In times of quiet contemplation, like a morning cup of coffee, there may arise from within, a calmness, or a sense of clarity or peace. During or after a morning meditation, in the shower, the commute to work, sitting on a park bench, looking out a window, or staring at a device without purpose, it is possible to connect to something within and around us as real and as invisible as air, particles of light, waves of sound, and the inner workings of millions of automatics processes occurring in our bodies every second. This momentary awareness could be called “re-ligio”. What does this mean?
Years ago I directed a program teaching medical residents in internal medicine, family medicine, pediatrics, and ob/gyn programs around New York City on alcohol and substance use disorders. The program consisted of 5 days of immersion in didactic and experiential teaching processes inclusive of lectures from leaders in the field of addiction medicine, psychology and spirituality as well as attendance in group therapy session, treatment programming and mutual aid support groups with patients undergoing residential and outpatient treatment. One of the lectures was on spirituality and addiction given by a priest from Columbia University College of Physicians and Surgeons. The lecture always started with breaking down the word ‘religion’, from the latin “re” or “again” and “ligare” bond or connect.
In recovery circles it is often said that religion is for those afraid to go to hell and spirituality is for those who’ve been there. In fact, many in AA go to some length, as did the co-founder Bill Wilson, to distinguish religion from spirituality. Perhaps the distinction is unnecessary when traced to the essence of religion. To bond again, to connect again, to oneself, to others, to the environment, to a higher power. Everything is connected. This is important to re-member.
Two foundational concepts in basic pharmacology are pharmacokinetics and pharmacodynamics. Put simply, pharmacokinetics refers to the way in which the body acts on the drug and pharmacodynamics refers to the way the drug acts on the body. Let us consider the creative application of how the body acts on gratitude and how gratitude acts on the body.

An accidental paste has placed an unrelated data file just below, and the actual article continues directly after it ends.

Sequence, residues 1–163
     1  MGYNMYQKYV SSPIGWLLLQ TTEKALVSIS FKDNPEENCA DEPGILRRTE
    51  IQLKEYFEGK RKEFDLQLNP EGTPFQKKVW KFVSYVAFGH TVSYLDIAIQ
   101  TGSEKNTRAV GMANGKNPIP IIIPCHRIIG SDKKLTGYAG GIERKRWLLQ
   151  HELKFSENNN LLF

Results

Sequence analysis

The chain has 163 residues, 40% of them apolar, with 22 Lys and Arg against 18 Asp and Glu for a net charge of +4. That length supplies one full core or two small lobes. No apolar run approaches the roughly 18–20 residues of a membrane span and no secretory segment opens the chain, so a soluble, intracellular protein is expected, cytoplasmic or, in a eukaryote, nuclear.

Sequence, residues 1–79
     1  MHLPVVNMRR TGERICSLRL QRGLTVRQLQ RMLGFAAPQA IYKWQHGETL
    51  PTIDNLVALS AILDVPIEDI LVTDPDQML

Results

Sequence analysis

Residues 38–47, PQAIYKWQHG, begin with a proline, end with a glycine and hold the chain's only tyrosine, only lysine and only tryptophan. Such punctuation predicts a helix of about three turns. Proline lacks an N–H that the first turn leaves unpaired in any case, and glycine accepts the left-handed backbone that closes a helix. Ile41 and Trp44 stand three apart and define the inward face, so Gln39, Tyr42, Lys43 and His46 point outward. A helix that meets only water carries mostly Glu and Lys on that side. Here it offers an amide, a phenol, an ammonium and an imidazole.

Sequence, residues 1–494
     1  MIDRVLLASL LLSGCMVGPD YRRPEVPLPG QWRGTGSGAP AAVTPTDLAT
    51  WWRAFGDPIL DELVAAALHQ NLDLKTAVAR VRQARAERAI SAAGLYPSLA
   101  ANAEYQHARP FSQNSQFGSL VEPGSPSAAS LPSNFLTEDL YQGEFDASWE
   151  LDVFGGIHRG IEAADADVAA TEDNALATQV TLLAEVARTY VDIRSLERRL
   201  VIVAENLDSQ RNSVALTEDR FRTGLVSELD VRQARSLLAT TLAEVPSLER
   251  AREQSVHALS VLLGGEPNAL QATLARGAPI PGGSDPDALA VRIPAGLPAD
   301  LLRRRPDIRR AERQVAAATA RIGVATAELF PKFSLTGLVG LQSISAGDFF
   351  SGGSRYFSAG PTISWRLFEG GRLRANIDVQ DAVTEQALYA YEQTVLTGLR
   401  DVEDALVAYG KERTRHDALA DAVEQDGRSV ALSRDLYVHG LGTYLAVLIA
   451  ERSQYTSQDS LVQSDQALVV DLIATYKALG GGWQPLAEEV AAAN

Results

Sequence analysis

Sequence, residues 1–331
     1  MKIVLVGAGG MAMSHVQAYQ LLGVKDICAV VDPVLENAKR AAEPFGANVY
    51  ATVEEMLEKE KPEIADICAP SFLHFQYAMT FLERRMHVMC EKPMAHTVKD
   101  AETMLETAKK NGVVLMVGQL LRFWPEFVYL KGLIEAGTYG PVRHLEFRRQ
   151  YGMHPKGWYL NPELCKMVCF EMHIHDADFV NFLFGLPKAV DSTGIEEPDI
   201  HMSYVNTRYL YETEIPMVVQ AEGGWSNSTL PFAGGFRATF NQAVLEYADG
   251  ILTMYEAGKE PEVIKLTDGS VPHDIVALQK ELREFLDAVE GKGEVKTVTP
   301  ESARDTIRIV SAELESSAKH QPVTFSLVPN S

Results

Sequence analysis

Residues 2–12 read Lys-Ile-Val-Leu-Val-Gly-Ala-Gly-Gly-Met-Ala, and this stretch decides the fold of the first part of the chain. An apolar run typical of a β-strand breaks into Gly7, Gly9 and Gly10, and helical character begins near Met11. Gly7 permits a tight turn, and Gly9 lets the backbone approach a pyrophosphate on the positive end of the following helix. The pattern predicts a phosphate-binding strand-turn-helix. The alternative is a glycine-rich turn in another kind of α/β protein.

There are 4 processes in pharmacokinetics: drug absorption, drug distribution, drug metabolism, and drug excretion. The acronym ADME is often used. In pharmacodynamics, there are three interactions that can influence the effect of a drug: drug-disease interactions, drug-drug interactions, and the drug and aging interactions. How can we apply these concepts as if Gratitude was a Drug?
First, this is a fun exercise: to apply scientific concepts or processes to the value or virtue, principle or practice, experience or expression of gratitude. The kinetics of gratitude may be to observe how gratitude gets absorbed into one’s experience in the moment (absorption). This is followed by following the flow of gratitude throughout the mind, heart, body, and soul (distribution). Next up is how gratitude gets metabolized in the system, broken down into meaning, mindfulness, and perhaps even magnificence (metabolism). Finally, the act of how gratitude emerges from an individual, how it gets expressed, and experienced like an extemporary prayer (excretion). The ADME of gratitude may be an area of personal development that embodies the essence of mental, physical, emotional, and spiritual well-being.